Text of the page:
One in three Form Five students face a “national identity crisis” as they do not consider themselves Chinese citizens, according to a survey.
The study, conducted by think tank Hong Kong Policy Research Institute, asked some 2,000 Secondary Five students from 20 schools across Hong Kong two sets of seven questions, They were asked to agree or disagree with statements such as “I am willing to contribute to Hong Kong” and “I have the responsibility to create a better future for the People’s Republic of China”.
Those who agreed with five or more statements were considered as identifying themselves as either a Hongkonger or a Chinese citizen. Some 86 per cent of those polled identified themselves as Hongkongers, while 57 per cent considered themselves Chinese.
Of those who identified themselves as Hongkongers, 64 per cent also identified themselves as Chinese citizens. Some 30 per cent however did not identify themselves as Chinese citizens – a trend researchers called a “national identity crisis”. “It’s a crisis because it endangers the very foundation of the ‘one country two systems’ principle,” the think tank’s director Andrew Fung Ho-keung said.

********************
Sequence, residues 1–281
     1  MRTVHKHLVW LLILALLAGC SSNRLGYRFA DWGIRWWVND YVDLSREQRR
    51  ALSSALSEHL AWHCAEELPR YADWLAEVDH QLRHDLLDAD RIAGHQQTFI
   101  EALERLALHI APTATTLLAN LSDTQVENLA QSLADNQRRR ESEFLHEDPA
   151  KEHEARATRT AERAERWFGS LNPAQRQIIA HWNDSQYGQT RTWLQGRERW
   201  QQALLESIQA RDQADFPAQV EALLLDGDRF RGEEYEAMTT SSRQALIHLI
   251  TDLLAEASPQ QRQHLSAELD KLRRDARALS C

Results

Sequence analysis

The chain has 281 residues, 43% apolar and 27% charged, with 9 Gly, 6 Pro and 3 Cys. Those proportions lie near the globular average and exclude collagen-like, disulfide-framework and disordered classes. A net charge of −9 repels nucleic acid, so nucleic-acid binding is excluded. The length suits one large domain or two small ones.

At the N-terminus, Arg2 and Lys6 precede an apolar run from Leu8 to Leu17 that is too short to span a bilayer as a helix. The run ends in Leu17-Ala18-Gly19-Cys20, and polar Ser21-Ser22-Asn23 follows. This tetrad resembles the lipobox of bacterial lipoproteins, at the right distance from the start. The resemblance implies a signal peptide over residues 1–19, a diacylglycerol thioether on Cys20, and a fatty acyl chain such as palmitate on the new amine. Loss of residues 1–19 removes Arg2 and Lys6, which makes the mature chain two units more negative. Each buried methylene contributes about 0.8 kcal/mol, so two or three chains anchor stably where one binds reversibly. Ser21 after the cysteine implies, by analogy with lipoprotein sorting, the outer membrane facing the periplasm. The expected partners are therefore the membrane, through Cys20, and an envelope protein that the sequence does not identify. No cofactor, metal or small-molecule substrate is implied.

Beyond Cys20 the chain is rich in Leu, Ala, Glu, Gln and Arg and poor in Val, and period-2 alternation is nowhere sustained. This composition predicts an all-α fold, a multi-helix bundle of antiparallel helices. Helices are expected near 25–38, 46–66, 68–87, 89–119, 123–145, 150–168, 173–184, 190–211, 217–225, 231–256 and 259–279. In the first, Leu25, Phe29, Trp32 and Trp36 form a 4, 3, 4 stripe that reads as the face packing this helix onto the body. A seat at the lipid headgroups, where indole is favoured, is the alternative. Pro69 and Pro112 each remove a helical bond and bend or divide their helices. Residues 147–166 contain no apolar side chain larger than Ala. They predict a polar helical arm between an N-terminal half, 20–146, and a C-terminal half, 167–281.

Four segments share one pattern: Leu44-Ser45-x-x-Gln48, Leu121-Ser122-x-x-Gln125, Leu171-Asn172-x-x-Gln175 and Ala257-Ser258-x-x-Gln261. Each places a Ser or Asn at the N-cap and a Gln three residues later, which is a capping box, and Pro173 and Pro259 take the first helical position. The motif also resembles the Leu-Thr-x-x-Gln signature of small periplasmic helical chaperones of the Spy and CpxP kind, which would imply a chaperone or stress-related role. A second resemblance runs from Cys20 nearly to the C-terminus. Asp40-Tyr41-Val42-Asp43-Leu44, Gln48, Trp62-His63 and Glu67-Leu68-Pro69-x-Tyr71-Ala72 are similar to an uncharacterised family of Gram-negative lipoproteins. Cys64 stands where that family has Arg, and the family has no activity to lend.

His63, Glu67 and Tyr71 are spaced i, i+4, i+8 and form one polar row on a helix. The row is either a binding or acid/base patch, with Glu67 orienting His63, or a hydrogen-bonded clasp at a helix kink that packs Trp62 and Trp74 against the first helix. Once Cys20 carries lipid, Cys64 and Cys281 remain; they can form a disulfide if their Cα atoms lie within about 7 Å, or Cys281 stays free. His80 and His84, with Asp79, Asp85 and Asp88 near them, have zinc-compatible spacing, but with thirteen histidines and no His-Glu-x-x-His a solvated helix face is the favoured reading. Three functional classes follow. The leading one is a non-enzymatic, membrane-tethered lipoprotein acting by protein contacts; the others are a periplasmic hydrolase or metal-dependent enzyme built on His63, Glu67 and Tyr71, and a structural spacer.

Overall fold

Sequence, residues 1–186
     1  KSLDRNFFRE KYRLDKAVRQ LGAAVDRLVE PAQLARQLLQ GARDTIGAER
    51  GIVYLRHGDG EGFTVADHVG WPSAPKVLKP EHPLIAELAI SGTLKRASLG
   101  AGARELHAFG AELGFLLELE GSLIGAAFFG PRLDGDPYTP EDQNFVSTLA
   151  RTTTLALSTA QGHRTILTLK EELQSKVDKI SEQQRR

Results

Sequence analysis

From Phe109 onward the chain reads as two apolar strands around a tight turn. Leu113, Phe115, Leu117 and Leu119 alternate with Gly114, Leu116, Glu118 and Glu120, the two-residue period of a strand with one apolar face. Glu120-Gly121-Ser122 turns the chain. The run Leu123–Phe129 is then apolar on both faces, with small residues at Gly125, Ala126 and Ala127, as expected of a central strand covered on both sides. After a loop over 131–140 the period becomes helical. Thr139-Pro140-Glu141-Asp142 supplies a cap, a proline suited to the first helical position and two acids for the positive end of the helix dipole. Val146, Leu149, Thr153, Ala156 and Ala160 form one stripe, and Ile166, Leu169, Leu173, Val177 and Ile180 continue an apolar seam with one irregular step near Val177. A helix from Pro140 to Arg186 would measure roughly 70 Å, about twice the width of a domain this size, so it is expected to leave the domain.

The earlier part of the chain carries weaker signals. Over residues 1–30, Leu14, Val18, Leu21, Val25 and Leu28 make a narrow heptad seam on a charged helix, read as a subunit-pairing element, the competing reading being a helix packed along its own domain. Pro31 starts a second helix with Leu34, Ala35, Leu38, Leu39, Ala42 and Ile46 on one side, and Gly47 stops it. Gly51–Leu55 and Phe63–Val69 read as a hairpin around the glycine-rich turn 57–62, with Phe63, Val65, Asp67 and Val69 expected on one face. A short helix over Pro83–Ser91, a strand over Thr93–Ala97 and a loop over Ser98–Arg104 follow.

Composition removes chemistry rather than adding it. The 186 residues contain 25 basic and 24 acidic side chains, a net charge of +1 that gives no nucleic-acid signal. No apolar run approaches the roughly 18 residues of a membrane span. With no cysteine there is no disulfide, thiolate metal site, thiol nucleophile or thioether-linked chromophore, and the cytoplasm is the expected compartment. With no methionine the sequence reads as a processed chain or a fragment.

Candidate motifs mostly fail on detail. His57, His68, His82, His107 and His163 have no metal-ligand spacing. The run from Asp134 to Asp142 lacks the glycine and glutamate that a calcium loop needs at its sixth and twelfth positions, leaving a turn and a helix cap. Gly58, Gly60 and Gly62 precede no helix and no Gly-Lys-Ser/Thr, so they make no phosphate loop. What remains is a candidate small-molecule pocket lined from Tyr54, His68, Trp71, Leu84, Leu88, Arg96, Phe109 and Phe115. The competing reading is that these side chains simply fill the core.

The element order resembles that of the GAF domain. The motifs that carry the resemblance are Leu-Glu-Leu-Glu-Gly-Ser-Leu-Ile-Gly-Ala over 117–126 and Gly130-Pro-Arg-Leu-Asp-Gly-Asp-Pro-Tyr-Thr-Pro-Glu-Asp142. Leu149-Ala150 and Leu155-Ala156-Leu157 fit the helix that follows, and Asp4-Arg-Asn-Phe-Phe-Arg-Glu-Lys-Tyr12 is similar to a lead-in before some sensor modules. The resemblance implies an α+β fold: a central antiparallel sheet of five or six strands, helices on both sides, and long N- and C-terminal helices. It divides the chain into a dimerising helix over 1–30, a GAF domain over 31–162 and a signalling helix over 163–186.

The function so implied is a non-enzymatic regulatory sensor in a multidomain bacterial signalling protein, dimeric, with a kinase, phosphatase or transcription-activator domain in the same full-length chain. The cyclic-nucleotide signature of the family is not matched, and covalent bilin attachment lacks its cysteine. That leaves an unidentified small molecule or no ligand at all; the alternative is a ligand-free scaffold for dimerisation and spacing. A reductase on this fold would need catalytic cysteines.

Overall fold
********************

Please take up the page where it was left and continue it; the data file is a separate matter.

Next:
Researchers said the only way to target this lack of a national identity was by incorporating national education into the city’s formal school curriculum.
But H. Y. Fung, a liberal studies tutor at Modern Education, told Young Post: “Senior students would only study national education hard if it were included in the DSE exam. However, some content, such as the meaning of the national anthem, history and Chinese nationalism, could be taught in junior forms to boost their sense of belonging – although it’s still their decision to identify themselves as Chinese citizens.”